Instead of ensuring that standards of basic sanitation are met in all Swachh Bharat toilets, the government has reduced the campaign to a toilet-counting program. Official government data says that 2,23,550 toilets have so far been constructed and 1,337 cities are Open Defecation Free (ODF).

A survey by the government’s National Sample Survey Office (NSSO) shows that over 60% of the newly constructed toilets don’t have a water supply, making them unusable, and 40% don’t have a drainage connection which means that they pollute the environment and water bodies.

Moreover, it is well known that behavioural change is the single most important factor in reducing open defecation. But out of the total SBM budget, only 1% was spent on education and awareness.

Another survey conducted in December last year in 7,500 households by Accountability Initiative at the Centre for Policy Research, across 10 districts in five states, found that 29% of Swachh Bharat toilets exist only on paper and 36% of the toilets that have been built are not usable. Though the government is supposed to monitor the use of toilets after they are built, nearly 38% of the households reported that no such monitoring has been conducted.

The official portal of Swachh Bharat gives Madhya Pradesh ODF status, even as it was found that 155 villages in the state falsely reported being ODF.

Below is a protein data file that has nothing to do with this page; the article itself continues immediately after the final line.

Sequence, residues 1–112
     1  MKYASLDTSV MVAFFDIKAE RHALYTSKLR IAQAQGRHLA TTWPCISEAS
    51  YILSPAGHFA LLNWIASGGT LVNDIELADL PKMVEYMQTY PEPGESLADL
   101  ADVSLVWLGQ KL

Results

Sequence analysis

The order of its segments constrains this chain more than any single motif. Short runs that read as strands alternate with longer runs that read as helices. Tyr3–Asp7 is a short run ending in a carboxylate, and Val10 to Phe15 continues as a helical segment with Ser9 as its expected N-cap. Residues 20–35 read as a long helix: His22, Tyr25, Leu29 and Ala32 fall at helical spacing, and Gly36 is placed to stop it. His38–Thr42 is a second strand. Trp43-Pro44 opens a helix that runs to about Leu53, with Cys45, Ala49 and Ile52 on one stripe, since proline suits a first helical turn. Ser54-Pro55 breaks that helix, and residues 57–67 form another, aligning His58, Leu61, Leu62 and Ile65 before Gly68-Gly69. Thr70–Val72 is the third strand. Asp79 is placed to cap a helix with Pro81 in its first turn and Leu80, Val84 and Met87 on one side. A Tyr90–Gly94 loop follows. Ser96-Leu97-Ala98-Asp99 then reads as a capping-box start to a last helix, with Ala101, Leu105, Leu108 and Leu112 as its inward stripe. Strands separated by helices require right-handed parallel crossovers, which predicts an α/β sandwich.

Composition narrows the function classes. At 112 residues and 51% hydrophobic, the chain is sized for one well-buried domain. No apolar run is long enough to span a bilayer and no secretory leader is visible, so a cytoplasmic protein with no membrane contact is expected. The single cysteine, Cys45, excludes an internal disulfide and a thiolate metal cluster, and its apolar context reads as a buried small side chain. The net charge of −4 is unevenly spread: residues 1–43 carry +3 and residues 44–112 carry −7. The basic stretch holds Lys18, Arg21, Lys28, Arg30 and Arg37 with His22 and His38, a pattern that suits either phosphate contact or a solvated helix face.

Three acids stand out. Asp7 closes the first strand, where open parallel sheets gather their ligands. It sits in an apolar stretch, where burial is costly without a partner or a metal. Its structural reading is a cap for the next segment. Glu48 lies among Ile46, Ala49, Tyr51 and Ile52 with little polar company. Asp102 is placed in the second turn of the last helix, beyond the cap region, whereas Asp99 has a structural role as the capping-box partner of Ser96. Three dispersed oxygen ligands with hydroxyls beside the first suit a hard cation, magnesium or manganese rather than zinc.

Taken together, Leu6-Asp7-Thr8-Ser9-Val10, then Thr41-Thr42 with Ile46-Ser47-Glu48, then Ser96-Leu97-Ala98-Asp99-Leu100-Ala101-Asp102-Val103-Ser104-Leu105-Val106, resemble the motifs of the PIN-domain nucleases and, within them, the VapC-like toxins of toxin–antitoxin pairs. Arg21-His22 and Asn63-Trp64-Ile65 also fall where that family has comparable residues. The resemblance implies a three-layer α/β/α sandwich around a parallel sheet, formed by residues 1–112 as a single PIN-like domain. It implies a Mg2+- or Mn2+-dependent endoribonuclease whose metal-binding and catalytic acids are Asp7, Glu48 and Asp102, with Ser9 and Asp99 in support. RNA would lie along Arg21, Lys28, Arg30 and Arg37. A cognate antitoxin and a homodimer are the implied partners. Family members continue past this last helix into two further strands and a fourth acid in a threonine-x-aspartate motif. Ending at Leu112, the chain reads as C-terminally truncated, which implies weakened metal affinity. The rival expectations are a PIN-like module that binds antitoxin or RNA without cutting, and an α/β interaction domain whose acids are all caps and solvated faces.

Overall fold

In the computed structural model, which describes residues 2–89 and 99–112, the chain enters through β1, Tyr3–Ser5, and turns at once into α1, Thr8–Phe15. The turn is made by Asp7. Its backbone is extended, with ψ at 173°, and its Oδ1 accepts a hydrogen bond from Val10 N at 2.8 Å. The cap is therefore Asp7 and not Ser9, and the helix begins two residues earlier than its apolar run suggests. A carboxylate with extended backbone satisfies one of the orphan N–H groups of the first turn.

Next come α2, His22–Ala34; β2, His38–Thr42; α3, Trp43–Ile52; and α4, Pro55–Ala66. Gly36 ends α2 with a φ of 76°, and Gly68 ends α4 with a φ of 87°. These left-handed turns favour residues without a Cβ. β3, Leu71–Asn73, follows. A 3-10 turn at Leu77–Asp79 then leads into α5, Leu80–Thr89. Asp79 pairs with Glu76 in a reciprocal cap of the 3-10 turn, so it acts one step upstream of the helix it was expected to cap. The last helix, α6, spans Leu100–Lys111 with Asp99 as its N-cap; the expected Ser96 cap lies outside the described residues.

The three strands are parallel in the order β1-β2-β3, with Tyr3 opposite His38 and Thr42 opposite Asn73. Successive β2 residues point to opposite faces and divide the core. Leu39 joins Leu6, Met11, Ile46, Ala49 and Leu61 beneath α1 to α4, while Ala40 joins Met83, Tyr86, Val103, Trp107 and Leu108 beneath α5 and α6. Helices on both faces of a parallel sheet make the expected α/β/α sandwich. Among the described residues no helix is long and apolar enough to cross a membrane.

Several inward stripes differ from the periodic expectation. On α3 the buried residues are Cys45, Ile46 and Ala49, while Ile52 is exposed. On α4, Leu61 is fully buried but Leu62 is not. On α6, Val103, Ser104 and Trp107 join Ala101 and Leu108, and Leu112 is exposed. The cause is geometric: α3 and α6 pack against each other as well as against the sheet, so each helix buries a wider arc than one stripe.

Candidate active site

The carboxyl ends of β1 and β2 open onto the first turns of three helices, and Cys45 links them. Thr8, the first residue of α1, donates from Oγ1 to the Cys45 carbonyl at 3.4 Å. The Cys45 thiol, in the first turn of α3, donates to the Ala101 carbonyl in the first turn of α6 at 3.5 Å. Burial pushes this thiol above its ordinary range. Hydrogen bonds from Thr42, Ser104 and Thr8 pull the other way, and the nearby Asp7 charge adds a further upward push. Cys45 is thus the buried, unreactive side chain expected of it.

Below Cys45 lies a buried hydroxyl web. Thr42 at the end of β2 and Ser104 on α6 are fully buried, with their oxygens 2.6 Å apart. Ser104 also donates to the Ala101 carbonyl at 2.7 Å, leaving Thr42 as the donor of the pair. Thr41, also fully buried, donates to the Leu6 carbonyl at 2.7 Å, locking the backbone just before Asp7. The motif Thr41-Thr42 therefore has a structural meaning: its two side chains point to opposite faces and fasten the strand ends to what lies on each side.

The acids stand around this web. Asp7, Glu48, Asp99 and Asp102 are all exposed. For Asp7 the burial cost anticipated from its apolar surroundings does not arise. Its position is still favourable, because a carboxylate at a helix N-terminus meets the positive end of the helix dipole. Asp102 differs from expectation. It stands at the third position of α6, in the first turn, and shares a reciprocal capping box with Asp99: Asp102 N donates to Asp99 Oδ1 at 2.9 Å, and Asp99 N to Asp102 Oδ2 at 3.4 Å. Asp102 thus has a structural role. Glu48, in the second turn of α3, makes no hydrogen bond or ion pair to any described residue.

Further, the outlawed practice of manual scavenging still persists in the country where contract workers or municipal employees clean filthy toilets with bare hands.

Not only Swachh Bharat, but the government’s National Mission for Clean Ganga has also failed miserably. In a detailed 543-page verdict, the National Green Tribunal (NGT) in July this year noted that the even after using Rs 7,000 crore in two years, there has been no meaningful improvement of the world’s fifth most polluted river and the lifeline of North India.

When Swachh Bharat was introduced, the campaign encouraged people to photograph those dirtying their surroundings and upload the pictures on Facebook, Twitter and even government websites. The government’s motive was to cause embarrassment and humiliation to offenders, forcing them to change their habit. Earlier in June this year, a 55-year-old Communist Party of India (Marxist-Leninist) activist was lynched to death by civic officials in Pratapgarh, Rajasthan when he attempted to stop them from taking photographs of women defecating in the open.

In October, Maharashtra’s Solapur Zilla Parishad’s Chief Executive Officer (CEO) Dr Rajendra Bharud, garlanded women who were caught defecating in the open to shame them.

When most statistics point to glaring inconsistencies in the government’s claim of a cleaner India, should those who do not have access to toilets be named and shamed or should usable toilets actually be built?

Taxpayers have funded the government’s Swachh Bharat Mission and instead of washing away garbage, the campaign is washing away our money.

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Written by : Pooja Chaudhuri

Edited by : Bharat Nayak